1920 - Warren G. Harding, from Corsica, is elected president.

1921 - The Bing Act passes, requiring students to remain in school until graduation or age 18.

1923 - Garrett Morgan of Cleveland invented the first traffic light.

1925 - The dirigible Shenandoah crashes near Alva, killing 14 people.

1934 - The first state sales tax is imposed at 3 percent.

1937 - The Ohio River floods, leaving 750,000 people homeless.

1938 - Roy J. Plunkett of New Carlisle invented Teflon.

1941 - US enters World War II about 20,000 Ohio servicemen will be killed.

1946 - The US Air Force chooses Chuck Yeager, a pilot instructor at Wright Field, to test its first rocket aircraft, breaking the sound barrier in 1947.

1949 - The Ohio Department of Natural Resources is created by the Legislature.

1953 - Congress discovers it neglected to officially recognize Ohio's statehood and passes a formal resolution declaring Ohio's entry into the Union as March 1, 1803.

1955 - The Ohio Turnpike is completed.

1958 - "With God all Things are Possible" becomes the state motto.

  • The Ohio Civil Rights Commission is created to eliminate employment discrimination.
  • St. Lawrence Seaway opened
  • Terms of some state officials are increased from two to four years

1962 - John Glenn from New Concord was the first American to orbit the Earth in 1962.

1963 - Professional Football Hall of Fame opens in Canton.

1967 - Great Seal of Ohio is standardized.

1969 - July 20, Neil Armstrong of Wapakoneta became the first man to walk on the moon.

1970 - Four Kent State University students killed by National Guard gunfire during Vietnam War protests.

1971 - State income tax is adopted.

1973 - Ohio State Lottery approved by Ohio voters.

1974 - Xenia tornado kills 34 people.

1976 - Ohio's last commuter train is shut down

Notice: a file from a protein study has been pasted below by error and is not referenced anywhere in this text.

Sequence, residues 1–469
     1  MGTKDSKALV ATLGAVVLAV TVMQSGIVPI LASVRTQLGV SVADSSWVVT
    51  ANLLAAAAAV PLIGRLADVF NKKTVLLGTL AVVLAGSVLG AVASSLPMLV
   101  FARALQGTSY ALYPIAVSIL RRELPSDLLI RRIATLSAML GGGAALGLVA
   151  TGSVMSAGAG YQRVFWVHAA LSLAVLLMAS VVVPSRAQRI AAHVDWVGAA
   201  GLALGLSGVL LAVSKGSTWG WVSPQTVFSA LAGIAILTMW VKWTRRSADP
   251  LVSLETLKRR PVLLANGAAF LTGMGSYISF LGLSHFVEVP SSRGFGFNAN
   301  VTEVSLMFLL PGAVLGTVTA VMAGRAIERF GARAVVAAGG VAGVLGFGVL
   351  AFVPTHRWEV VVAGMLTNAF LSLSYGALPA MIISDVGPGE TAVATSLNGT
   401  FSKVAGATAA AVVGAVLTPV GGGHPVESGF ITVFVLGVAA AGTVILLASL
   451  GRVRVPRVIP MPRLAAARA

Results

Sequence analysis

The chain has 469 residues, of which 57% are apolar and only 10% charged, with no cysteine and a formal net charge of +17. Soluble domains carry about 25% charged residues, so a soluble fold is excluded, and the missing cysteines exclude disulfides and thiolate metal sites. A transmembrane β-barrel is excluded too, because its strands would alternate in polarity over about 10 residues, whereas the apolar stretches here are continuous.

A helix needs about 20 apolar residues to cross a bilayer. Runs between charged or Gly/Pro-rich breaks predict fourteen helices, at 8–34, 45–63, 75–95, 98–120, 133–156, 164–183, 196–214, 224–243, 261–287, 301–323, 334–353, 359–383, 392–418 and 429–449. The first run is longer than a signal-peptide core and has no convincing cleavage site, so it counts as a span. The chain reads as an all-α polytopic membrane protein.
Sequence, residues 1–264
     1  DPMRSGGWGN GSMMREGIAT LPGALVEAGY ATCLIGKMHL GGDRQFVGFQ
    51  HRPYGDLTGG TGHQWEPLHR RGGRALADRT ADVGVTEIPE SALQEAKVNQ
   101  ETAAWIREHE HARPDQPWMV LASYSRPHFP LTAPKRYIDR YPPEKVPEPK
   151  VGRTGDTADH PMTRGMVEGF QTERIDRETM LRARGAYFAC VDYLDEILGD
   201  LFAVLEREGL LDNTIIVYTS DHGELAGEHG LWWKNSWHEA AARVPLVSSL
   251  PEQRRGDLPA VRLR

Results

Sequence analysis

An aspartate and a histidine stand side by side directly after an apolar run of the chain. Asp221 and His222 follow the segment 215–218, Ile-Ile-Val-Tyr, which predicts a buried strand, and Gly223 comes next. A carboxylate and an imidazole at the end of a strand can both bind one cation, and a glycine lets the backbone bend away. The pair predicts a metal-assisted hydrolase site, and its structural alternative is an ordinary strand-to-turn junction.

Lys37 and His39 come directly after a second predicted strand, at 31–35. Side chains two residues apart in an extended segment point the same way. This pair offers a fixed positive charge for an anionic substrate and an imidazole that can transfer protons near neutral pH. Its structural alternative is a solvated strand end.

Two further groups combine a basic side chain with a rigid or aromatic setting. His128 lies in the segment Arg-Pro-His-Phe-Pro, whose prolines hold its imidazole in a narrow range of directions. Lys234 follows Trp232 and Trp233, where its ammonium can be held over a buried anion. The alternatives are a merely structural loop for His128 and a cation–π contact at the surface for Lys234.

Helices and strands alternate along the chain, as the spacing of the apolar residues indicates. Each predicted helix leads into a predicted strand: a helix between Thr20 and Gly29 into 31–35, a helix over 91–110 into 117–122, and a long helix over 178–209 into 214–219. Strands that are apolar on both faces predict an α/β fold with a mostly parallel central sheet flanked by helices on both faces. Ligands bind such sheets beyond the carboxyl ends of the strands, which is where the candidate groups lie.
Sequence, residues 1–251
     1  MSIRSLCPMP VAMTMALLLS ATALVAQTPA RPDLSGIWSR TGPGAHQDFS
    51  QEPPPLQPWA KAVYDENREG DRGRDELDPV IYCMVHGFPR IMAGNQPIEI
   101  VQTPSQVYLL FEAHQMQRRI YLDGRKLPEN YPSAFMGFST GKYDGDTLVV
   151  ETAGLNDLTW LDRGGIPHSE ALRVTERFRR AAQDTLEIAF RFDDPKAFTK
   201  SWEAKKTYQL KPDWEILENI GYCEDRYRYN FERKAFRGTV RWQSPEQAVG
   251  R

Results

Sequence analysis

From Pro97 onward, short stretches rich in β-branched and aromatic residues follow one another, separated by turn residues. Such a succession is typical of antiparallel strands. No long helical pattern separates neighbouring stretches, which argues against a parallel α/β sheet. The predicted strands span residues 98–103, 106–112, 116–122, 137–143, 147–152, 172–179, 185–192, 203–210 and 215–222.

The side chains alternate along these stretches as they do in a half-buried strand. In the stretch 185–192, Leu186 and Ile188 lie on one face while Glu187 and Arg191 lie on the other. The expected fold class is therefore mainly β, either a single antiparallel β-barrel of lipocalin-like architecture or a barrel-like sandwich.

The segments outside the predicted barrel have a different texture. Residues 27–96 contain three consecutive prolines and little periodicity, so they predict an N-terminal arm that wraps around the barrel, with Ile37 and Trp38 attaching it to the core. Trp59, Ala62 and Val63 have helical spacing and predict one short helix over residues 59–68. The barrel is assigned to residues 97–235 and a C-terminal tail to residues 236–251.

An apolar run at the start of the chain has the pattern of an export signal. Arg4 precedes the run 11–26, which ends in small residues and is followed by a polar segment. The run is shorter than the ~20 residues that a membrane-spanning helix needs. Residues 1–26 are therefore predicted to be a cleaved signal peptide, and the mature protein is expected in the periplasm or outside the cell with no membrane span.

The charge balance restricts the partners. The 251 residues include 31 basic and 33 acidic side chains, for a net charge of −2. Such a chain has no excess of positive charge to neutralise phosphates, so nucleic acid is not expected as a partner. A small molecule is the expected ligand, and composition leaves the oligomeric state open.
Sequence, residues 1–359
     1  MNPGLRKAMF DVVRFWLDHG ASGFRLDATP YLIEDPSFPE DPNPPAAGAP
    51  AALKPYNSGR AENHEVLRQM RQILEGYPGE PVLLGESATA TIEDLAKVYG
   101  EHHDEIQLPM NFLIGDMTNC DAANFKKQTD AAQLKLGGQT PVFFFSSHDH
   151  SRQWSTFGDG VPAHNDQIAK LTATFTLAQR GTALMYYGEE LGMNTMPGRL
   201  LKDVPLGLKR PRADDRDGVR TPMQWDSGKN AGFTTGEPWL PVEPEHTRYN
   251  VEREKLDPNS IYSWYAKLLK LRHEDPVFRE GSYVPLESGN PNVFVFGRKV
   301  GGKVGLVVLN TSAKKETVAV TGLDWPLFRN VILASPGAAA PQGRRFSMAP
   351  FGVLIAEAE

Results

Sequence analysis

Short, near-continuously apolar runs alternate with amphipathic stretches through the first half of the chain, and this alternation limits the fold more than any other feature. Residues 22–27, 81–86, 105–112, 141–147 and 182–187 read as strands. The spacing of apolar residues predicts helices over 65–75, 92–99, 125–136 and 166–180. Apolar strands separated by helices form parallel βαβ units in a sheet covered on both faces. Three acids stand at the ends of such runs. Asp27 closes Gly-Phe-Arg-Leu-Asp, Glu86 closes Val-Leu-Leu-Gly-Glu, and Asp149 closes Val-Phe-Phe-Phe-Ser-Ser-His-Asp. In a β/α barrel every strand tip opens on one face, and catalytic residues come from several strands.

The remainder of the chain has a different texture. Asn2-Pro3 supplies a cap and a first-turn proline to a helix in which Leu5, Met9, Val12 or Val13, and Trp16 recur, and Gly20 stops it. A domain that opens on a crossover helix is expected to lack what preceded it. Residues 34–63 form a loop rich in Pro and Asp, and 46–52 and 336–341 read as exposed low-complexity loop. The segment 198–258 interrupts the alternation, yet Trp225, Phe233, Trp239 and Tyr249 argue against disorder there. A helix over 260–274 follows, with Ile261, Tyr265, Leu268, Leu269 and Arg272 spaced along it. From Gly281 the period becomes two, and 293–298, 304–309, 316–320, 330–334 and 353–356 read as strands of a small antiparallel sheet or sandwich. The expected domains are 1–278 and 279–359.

1977 - natural gas shortage occurred in severe weather conditions

1983 - Marysville Honda plant dedicated.

1986 - Astronaut Judith Resnick, of Akron, dies in the Challenger space shuttle explosion.

1990 - Ohioans struggle through the economic downturn of the 1980s the 1990 Census reports a slow 0.5% population increase

1995 - Rock and Roll Hall of Fame opens in Cleveland.

1995 - The Bosnian Peace Agreement is signed at Wright-Patterson Air Force Base.

1998 - John Glenn at age 77, he became the oldest American to travel into space.

21st Century Ohio History Timeline

  • Ohio ranked in the top ten in the country for growing corn, oats, winter wheat, soybeans, sweet corn, tomatoes, cucumbers, grapes, strawberries raising chickens, hogs and pigs and producing maple syrup and many dairy products.
  • New York terrorist attacks led to flurry of anti-terrorist activities throughout Ohio
  • steam engine explosion at fair killed four, injured 49

2002 - Former representative, James Traficant, sentenced to eight-year prison term for corruption

2003 - Electric faults in Cleveland caused power outages to 50 million

2006 - Voters passed smoking ban in public places

  • Six bodies found in home of convicted sex offender in Cleveland
  • Nazi war crimes suspect John Demjanjuk, deported to Germany from Cleveland home
  • environmental activist, Marie Mason, sentenced to 22 years in prison for arson, property damage

2010 - Three Ohio pension funds filed class action lawsuit against American International Group for fraud, resulted in $725 million fine


Watch the video: MC Report History Bit: Daytons Mafia Connection